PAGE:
Synthesizer System Description
The heart of the synthesizer is a set of 2 Analog Devices AD9850 direct digital synthesis (DDS) chips. These provide 2 channels of sinewave output which may differ in frequency and relative phase. The output stage of the synthesizer also includes separate variable attenuators for the 2 channels. These attenuators have a range of 0.0 - 63.9 dB of attenuation, in 0.1 dB steps. The user therefore has control over five parameters: 2 output frequencies, 2 output attenuations, and relative phase between the 2 channels.
The DDS chips provide a 32-bit selectable frequency, and they use a reference frequency which is set at 130 MHz. Therefore, the DDS frequency resolution is 130E6 / 2^32 or 0.0327 Hz. In this synthesizer, the user is given 0.1 Hz frequency resolution with a frequency range from DC to 35 MHz. Therefore, there are a maximum of 9 digits of frequency which may be set by the user.
The DDS DAC output spectrum includes aliased images of the output signal, the lowest frequency of which is located at Fref - Fout. A low-pass filter is needed to suppress these images; here we use a 42 MHz 5-pole elliptic filter, built from discrete components, that is specified in the AD9850 datasheet.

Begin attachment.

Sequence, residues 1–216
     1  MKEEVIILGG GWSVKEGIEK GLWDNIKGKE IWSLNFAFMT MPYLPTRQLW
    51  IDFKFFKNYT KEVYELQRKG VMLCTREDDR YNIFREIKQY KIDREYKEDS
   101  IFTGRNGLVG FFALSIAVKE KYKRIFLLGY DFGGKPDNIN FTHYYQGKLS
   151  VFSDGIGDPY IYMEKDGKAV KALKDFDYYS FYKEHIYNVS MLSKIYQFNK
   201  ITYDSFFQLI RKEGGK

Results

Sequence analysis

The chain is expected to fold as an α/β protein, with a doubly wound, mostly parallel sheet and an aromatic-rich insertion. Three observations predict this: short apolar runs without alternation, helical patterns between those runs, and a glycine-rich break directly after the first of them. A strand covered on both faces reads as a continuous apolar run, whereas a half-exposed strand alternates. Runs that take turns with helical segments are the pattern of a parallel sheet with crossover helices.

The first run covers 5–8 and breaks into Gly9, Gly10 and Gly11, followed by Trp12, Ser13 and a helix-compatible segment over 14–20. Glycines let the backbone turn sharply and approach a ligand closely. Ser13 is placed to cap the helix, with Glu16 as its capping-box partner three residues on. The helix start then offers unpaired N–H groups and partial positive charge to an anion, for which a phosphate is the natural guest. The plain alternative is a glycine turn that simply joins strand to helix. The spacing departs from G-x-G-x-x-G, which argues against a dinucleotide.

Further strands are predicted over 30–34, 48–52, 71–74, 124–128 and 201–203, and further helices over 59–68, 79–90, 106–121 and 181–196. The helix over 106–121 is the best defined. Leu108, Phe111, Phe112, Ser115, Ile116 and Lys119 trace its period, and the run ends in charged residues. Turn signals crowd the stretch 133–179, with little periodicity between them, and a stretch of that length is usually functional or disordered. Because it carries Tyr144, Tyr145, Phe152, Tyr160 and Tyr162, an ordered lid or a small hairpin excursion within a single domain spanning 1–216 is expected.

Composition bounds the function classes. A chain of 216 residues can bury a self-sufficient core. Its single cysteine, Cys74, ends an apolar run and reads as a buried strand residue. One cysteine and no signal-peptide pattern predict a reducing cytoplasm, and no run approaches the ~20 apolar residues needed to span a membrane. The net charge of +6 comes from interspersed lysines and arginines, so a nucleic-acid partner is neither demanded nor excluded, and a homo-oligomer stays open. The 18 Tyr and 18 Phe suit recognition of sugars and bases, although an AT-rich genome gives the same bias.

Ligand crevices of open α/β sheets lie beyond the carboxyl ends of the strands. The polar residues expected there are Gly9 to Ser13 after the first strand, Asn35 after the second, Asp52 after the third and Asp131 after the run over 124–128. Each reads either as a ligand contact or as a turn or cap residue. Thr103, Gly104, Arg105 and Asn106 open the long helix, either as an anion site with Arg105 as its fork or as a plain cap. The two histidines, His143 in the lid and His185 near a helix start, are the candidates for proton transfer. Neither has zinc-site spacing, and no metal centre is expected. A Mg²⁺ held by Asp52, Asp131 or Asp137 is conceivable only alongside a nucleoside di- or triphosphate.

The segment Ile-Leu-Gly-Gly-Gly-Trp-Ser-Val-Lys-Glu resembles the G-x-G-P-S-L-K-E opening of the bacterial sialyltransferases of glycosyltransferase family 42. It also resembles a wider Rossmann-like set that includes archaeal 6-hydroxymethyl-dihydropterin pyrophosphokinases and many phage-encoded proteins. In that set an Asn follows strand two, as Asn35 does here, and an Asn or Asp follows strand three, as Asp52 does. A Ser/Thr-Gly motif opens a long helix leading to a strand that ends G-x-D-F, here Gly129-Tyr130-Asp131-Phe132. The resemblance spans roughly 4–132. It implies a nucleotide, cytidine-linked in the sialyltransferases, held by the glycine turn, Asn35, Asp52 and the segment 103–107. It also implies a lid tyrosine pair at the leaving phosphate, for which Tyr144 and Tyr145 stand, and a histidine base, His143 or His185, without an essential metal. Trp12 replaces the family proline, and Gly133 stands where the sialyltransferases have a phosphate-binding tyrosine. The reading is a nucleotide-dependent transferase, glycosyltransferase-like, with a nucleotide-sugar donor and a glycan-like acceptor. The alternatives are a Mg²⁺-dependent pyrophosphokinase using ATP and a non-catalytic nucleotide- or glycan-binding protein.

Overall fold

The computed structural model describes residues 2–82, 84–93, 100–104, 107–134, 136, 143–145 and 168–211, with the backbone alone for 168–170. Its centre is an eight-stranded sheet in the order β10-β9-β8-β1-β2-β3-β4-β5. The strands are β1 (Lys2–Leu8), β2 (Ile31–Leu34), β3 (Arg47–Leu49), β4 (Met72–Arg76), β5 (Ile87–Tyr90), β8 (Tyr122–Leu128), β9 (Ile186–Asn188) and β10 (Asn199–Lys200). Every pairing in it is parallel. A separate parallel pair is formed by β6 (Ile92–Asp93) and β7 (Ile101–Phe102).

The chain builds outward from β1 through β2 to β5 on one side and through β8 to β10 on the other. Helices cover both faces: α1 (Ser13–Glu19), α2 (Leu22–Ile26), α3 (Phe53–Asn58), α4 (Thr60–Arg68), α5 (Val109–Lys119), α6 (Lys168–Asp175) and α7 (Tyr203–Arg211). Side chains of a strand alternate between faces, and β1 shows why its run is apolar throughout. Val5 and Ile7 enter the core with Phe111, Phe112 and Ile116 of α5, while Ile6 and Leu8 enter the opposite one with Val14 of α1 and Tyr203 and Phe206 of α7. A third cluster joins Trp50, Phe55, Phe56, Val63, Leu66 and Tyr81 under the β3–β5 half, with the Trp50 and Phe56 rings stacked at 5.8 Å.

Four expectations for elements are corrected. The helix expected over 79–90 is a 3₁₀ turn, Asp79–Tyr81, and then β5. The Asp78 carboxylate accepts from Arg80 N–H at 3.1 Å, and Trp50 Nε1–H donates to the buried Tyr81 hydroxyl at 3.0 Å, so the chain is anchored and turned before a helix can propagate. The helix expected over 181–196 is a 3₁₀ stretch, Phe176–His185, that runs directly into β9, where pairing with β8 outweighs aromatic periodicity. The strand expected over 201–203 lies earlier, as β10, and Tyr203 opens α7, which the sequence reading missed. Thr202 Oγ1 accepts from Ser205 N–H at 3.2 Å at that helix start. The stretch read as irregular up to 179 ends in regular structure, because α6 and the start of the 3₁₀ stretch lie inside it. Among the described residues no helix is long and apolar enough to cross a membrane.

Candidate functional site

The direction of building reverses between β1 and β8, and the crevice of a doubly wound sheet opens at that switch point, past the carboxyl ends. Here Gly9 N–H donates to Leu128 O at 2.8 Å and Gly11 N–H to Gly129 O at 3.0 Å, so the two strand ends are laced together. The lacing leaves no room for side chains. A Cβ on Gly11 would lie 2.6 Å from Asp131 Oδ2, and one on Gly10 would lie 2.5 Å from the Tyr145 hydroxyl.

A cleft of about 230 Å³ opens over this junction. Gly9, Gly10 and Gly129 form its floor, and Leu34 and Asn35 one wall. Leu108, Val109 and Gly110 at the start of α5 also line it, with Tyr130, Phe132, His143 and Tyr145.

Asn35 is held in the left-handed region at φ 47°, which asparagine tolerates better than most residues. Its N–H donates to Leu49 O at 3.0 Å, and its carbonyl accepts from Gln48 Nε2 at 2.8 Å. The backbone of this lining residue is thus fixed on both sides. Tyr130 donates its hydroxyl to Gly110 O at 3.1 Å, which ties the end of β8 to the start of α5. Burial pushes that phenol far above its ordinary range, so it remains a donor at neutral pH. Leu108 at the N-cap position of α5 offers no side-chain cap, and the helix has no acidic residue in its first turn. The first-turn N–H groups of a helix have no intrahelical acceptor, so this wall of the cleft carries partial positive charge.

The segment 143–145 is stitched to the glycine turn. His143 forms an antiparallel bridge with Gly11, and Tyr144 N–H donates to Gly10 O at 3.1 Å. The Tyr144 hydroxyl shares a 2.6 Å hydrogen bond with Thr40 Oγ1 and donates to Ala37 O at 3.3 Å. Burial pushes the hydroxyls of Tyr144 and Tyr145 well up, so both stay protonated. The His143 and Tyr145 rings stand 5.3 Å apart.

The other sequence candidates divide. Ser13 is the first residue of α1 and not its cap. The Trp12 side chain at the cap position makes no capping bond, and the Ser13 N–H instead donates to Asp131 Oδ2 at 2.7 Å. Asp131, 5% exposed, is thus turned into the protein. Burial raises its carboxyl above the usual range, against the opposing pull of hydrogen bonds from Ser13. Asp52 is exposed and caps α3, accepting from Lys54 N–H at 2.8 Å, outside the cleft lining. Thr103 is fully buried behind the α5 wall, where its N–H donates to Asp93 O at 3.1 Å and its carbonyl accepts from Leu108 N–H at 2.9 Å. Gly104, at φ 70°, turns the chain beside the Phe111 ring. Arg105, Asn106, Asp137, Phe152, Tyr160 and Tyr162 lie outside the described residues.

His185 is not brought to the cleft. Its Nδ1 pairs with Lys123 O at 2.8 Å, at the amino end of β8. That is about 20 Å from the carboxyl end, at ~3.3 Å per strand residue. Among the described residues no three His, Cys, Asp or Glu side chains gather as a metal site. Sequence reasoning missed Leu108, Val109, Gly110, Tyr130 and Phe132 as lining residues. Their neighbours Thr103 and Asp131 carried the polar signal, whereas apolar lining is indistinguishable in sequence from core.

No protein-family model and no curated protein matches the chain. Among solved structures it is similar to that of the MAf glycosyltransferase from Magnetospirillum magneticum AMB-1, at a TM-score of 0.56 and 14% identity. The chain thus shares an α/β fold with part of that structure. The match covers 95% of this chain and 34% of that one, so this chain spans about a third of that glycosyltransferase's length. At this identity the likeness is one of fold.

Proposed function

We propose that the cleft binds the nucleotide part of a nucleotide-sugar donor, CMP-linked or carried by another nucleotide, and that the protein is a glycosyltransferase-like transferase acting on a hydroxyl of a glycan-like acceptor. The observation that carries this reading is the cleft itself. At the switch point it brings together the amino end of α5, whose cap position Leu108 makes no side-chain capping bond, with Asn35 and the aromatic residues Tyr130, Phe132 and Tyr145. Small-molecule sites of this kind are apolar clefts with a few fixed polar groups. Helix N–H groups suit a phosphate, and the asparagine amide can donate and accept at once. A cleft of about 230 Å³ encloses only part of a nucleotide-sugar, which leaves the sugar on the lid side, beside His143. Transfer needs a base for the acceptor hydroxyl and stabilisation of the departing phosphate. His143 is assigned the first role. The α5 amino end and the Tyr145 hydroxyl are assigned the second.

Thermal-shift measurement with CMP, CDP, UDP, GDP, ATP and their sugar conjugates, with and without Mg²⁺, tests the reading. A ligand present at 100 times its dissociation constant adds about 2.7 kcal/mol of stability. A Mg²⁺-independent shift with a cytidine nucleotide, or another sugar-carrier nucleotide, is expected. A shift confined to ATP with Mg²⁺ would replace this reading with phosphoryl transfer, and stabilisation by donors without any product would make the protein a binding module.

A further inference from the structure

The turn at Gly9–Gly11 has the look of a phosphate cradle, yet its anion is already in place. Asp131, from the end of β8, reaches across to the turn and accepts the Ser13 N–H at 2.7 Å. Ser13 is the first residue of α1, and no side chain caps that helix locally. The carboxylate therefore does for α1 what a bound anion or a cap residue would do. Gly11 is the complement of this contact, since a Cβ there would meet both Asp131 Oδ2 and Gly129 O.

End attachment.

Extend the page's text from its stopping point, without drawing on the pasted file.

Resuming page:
The output of the DDS DAC is a current ranging from 0 to a fixed ratio of the DDS programming current. In order to produce an output signal with zero DC offset, a current equal to half of the maximum DDS current must be subtracted from the node where the anti-alias filter 200 ohm impedance converts the output current into a voltage at the amplifier input.
The AD9850 provides an on-chip comparator which is used to generate a TTL sync output signal. This comparator provides a square wave output with ~50% duty cycle. A pair of AC04 inverters in parallel provide enough output drive to provide a TTL sync output into 50 ohms. The sync signals may be turned off in order to reduce system noise through a front-panel switch, which grounds the DDS chips' comparator inputs.
The signal output by the DDS and filtered by the elliptic low-pass must be amplified up to the desired +16 dBm 2 volt amplitude into 50 ohm maximum output level. An Elantec EL2030 current-feedback operational amplifier (non-inverting configuration) provides the required gain of roughly 8.5 V/V. This op-amp was chosen for its high BW even at +10 gain, its high slew rate, and its large current drive; these features combine to allow the EL2030 to drive +/- 2 volts into 50 ohms (+16 dBm) at 35 MHz with only moderate distortion.